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Well...a "sector" is part of a circle...which has a radius. But in order to calculate the radius, you'd need both the total area of the circle, and the central angle of the sector (or enough information to get the central angle).

Let's say you're looking at a clock (and let's assume both the minute hand and the hour hand are the same length, and extend from the center all the way to the edge of the clock). Assuming this, the length of both hands would be the radius, as they are segments whose endpoints are the center of the circle, and a point on the circle.

If you put the hands of the clock at the 12 and 3, you've just created a sector that is 1/4 of the entire area. The angle created by these hands would have a vertex that is the center of the circle...and this would be the "central angle"...and it would have a measure of 1/4 of 360...which is 90.

But...while you can say what "fraction" of the circle is encompassed by the sector, you can't do any calculations until you have somewhere to start from. Let's say in the above example, you knew that the entire area of the circle was 64pi. The radius of that circle would be the square root of 64=8. This would, obviously be the radius of the sector as well...but since our "central angle" was 90...the AREA of the sector is 90/360 (or 1/4) of the total area. Since our initial area was 64pi...the area of the sector would be 16pi.

But if all you want is a simple formula, the radius of a circle (and by extension the sector), given the area of the sector (s) and the measure of the central angle (c) would be the square root of [(360*s)/(c*pi)]

Q: How do you calculate the radius of a sector?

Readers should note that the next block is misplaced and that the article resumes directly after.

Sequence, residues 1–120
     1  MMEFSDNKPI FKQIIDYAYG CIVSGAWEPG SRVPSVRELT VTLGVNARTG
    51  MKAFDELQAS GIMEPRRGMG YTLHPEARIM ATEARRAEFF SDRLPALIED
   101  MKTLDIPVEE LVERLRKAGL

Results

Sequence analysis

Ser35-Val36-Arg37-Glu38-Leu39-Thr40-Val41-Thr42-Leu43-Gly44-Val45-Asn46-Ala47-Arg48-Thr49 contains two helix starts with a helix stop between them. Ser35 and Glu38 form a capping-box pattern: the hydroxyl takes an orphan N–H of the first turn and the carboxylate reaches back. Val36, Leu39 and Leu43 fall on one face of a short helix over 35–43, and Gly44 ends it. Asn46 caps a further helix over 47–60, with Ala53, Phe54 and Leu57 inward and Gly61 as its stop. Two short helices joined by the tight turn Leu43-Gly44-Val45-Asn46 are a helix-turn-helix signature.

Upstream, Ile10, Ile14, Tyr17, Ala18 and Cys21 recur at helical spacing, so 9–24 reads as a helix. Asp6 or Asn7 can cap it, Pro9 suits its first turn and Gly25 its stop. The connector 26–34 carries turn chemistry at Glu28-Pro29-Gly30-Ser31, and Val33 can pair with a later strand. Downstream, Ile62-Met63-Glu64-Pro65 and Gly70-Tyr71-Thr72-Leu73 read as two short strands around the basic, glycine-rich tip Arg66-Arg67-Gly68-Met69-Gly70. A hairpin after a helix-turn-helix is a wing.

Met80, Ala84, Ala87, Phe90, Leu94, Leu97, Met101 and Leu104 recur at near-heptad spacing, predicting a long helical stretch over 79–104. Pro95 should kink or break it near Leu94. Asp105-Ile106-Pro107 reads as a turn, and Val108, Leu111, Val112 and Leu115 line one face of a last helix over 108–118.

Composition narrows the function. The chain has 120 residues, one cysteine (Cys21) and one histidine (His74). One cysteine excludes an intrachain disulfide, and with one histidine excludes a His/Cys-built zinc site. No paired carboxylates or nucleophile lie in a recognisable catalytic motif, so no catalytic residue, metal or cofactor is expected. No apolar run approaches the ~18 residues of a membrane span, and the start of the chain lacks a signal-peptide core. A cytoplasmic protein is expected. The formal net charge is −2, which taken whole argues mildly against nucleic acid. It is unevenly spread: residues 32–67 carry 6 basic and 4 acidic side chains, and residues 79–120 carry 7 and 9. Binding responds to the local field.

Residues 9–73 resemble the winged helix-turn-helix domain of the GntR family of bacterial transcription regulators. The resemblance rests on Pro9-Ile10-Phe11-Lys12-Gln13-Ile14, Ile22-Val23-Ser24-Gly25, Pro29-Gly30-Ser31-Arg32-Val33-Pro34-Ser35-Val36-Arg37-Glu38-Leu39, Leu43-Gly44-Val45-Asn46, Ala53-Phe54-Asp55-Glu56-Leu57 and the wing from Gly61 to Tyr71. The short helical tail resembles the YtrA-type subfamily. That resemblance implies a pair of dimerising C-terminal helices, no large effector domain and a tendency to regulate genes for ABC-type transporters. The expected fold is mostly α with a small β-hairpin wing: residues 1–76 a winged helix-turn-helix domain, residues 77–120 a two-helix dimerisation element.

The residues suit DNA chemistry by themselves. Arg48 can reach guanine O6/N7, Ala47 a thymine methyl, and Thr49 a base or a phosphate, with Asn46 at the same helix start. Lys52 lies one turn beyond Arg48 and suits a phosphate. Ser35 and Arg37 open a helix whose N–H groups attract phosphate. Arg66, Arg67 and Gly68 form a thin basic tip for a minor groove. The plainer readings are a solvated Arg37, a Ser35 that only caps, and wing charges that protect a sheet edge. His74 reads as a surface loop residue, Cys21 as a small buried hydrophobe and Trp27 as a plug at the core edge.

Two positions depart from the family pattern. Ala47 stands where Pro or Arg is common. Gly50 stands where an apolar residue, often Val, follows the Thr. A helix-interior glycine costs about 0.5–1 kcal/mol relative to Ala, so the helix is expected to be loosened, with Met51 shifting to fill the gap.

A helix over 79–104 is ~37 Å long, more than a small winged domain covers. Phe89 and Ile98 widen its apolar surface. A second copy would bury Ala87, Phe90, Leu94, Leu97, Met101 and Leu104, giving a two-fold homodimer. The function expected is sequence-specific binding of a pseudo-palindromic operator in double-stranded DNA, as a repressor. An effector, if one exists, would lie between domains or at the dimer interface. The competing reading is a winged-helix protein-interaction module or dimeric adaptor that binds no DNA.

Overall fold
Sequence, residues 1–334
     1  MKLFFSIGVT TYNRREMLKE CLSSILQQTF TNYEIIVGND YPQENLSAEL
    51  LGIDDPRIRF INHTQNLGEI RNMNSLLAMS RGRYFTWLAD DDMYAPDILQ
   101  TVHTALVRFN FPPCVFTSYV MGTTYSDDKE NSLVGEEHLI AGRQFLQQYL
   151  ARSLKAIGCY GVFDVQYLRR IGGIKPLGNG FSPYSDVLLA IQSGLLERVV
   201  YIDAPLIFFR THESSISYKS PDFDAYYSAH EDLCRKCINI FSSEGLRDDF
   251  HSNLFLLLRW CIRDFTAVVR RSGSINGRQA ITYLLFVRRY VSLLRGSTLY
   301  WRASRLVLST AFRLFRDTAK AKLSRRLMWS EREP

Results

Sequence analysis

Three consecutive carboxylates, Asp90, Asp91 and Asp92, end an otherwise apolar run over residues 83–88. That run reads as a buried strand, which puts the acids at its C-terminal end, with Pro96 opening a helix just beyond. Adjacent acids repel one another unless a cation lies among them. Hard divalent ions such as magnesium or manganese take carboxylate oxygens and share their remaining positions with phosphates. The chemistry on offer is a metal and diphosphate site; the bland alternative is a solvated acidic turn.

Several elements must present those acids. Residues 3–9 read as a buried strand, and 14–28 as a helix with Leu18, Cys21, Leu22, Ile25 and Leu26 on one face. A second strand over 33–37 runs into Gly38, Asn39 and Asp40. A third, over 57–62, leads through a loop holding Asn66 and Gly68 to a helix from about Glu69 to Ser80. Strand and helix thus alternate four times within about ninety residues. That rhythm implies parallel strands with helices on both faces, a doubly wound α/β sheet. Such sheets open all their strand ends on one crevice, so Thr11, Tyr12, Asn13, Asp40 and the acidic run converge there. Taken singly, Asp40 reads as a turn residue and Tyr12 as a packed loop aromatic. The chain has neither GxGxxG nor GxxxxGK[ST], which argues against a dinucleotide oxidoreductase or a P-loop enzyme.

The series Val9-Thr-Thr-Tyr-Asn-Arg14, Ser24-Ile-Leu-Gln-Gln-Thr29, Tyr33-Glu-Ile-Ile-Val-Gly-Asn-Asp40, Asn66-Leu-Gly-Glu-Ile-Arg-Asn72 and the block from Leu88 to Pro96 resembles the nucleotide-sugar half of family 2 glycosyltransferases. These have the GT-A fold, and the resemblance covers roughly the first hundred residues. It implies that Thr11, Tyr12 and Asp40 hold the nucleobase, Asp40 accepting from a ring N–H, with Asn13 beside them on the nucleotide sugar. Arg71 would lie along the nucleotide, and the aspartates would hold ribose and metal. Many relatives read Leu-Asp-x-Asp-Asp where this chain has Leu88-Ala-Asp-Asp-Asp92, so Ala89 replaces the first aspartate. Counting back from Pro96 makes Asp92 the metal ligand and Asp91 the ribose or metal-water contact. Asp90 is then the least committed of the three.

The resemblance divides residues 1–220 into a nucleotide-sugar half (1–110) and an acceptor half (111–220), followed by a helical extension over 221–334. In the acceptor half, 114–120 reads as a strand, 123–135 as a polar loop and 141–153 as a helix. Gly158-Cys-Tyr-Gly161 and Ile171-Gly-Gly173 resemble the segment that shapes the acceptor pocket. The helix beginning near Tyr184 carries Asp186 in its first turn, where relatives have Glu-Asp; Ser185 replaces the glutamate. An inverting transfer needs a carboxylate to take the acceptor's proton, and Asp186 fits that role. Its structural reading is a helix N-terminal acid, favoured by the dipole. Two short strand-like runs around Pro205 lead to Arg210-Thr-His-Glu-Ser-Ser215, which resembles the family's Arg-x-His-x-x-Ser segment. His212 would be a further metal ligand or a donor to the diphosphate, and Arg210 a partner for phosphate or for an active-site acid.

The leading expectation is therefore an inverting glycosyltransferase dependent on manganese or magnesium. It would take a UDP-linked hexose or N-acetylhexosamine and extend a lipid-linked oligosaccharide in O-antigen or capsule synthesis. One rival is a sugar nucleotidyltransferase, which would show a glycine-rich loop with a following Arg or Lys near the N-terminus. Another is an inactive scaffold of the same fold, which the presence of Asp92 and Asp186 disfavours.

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the area of a sector = (angle)/360 x PI x radius x radius pi r squared

Not enough information is given to work out the radius of the circle as for instance what is the length of sector's arc in degrees

Double the Radius to Calculate the Diameter.

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A sector is a part of a circle which looks the same shape as a piece of a circular pie. You probably remember that Pi charts look like a circular cake cut into portions. We can calculate the area of the sector of a circle if we know the angle between the two straight sides and the radius of the circle. Now the area of a complete circle is Pi x square of radius, If the radius is 12 cm then the circle's area will be Pi x square of 12 square centimetres. But that is for the full circle. If the sector's angle is 60 degrees, that would mean that the area of the sector would be 60 degrees/360 degrees which equals 1/6; so finally, the area of the sector is (Pi x 12 squared) divided by 6 = 75.398 sq cm )correct to 4 decimal places).

Related questions

The area of the sector is: 221.2 cm2

if a circle has a radius of 12cm and a sector defined by a 120 degree arc what is the area of the sector

the area of a sector = (angle)/360 x PI x radius x radius pi r squared

Not enough information is given to work out the radius of the circle as for instance what is the length of sector's arc in degrees

The radius of the sector with an angle of 27 degrees and arc of 12cm is: 25.46 cm

If a sector has an angle of 118.7 and an arc length of 58.95 mm its radius is: 28.45 mm

The arc length of a sector that is 125 degrees and has a radius of 20 inches is: 43.63 inches.

Find the area of the shaded sector. radius of 3 ...A+ = 7.07

To calculate the arc length of a sector: calculate the circumference length, using (pi * diameter), then multiply by (sector angle / 360 degrees) so : (pi * diameter) * (sector angle / 360) = arc length

Double the Radius to Calculate the Diameter.

It depends on what information you have: the radius and the area of the sector or the length of the arc.

how to calculate the elbow radius or elbow length